About 400 Uzbek refugees who fled to neighbouring Kyrgyzstan following an uprising in the city of Andijan are being given new homes abroad.
They are currently being flown out of the border region where they have lived since May.
Canada may have offered them asylum, according to unconfirmed reports.
The Uzbeks wanted Kyrgyzstan to return the refugees, saying some were leaders of the Andijan uprising, which was violently suppressed by Uzbek troops.
But Western governments warned that handing back the refugees would breach international treaties.
They were also concerned the refugees could be mistreated if they were returned to Uzbekistan.
"Today we received three out of five planes with the refugees from [the southern Kyrgyz town of] Osh," Nadyrbek Mamyrov, deputy head of Kyrgyzstan's international Manas airport, told Reuters news agency.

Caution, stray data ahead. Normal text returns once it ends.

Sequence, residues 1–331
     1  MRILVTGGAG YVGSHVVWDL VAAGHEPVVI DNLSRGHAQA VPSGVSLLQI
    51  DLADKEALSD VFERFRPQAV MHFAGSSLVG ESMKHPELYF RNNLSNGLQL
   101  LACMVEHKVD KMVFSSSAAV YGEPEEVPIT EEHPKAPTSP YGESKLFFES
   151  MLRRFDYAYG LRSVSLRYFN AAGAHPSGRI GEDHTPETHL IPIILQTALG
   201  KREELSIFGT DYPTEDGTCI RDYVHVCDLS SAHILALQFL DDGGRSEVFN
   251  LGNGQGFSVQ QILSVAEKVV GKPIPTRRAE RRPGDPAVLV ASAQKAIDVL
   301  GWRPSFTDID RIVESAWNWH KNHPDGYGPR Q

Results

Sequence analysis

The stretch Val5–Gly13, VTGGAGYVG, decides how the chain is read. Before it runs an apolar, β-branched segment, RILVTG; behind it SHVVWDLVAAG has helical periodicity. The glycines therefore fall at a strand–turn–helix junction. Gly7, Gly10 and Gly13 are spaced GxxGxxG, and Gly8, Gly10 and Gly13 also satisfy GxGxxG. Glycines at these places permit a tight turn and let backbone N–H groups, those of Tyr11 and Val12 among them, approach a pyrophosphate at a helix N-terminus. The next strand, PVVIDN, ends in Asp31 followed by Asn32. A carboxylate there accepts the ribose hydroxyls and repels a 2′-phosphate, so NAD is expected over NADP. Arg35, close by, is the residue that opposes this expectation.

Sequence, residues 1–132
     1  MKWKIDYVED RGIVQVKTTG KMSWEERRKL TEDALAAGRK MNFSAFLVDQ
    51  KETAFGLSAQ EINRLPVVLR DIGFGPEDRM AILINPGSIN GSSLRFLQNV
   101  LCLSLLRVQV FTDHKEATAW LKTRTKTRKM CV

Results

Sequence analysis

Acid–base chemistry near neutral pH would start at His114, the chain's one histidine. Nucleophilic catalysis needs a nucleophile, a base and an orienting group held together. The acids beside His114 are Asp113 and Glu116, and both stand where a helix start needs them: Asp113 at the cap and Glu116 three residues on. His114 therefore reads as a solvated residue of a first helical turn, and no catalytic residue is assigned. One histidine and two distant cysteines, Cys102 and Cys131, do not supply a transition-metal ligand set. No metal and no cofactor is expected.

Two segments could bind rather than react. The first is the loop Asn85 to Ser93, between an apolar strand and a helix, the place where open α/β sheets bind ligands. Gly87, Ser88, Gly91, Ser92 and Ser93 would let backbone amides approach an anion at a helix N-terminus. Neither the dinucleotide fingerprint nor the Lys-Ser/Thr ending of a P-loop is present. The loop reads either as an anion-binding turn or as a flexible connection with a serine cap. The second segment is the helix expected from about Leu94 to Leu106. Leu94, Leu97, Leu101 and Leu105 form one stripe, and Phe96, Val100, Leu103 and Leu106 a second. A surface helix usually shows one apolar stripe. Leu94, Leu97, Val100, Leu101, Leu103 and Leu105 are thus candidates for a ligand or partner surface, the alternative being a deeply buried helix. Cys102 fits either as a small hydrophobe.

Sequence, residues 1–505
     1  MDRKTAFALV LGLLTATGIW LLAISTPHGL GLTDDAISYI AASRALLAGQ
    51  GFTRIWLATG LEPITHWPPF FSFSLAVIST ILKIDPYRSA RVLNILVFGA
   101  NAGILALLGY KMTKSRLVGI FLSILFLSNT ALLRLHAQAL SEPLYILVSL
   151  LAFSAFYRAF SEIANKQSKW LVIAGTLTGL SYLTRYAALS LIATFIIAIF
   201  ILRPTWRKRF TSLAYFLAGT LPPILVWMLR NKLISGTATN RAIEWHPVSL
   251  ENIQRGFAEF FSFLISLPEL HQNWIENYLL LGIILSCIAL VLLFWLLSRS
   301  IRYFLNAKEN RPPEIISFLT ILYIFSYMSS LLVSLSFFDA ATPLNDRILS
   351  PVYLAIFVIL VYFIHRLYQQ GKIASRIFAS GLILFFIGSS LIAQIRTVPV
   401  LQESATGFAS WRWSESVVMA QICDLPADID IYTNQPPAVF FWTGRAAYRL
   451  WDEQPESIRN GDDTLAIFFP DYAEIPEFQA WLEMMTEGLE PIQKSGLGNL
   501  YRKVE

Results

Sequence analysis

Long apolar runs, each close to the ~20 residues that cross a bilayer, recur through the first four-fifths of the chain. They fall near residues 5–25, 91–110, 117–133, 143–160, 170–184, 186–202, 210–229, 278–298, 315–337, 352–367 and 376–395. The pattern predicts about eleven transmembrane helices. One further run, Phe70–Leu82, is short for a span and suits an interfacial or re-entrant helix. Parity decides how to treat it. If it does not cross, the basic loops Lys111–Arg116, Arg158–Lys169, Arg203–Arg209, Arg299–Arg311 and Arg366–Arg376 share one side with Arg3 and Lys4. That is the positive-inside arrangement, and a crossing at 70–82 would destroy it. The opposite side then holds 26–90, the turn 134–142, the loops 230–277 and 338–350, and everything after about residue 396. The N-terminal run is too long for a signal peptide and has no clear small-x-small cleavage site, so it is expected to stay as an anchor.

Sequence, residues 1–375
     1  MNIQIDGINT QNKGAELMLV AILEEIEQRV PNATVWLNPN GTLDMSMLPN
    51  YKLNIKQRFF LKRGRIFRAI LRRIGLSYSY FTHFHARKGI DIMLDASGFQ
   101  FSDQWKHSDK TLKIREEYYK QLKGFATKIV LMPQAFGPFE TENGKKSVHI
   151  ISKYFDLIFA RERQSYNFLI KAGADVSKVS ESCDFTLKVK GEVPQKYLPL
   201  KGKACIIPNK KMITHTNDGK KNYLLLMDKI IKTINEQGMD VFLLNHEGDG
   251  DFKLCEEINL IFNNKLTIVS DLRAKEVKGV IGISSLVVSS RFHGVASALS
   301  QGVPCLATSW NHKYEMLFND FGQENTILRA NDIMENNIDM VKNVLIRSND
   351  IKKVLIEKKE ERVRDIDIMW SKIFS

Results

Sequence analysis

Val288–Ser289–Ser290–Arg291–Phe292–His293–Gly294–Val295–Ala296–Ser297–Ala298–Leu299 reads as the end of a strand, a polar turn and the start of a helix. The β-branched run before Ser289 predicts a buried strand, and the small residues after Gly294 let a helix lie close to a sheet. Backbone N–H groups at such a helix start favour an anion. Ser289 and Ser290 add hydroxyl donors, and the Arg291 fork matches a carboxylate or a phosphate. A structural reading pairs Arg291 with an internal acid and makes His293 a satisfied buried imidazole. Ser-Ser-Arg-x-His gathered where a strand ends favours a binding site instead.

It is thought Canada has offered them homes, but Reuters reported that they were being taken to Romania first.
Pressure on Kyrgyzstan
The Uzbek government said 173 people were killed in the May protest, most of them Islamic militants. But eyewitnesses dispute this, saying up to 500 people were killed in Andijan, among them women and children.
Almost 500 people fled over the border to Kyrgyzstan, where they have been holed up in a refugee camp.
After the Kyrgyz authorities deported four of the Uzbeks in June, the UN and human rights bodies feared the remaining refugees might also be returned.
UN Secretary General Kofi Annan appealed to Kyrgyzstan's government "to strictly abide by its international obligations in the treatment of asylum-seekers".
The Uzbek government blamed the May uprising on Islamic extremists and criminals.
It has been putting huge pressure on Kyrgyzstan to return the refugees, especially 29 individuals whom it claims organised the uprising.
These people have been held by Kyrgyz police and their fate is still unclear.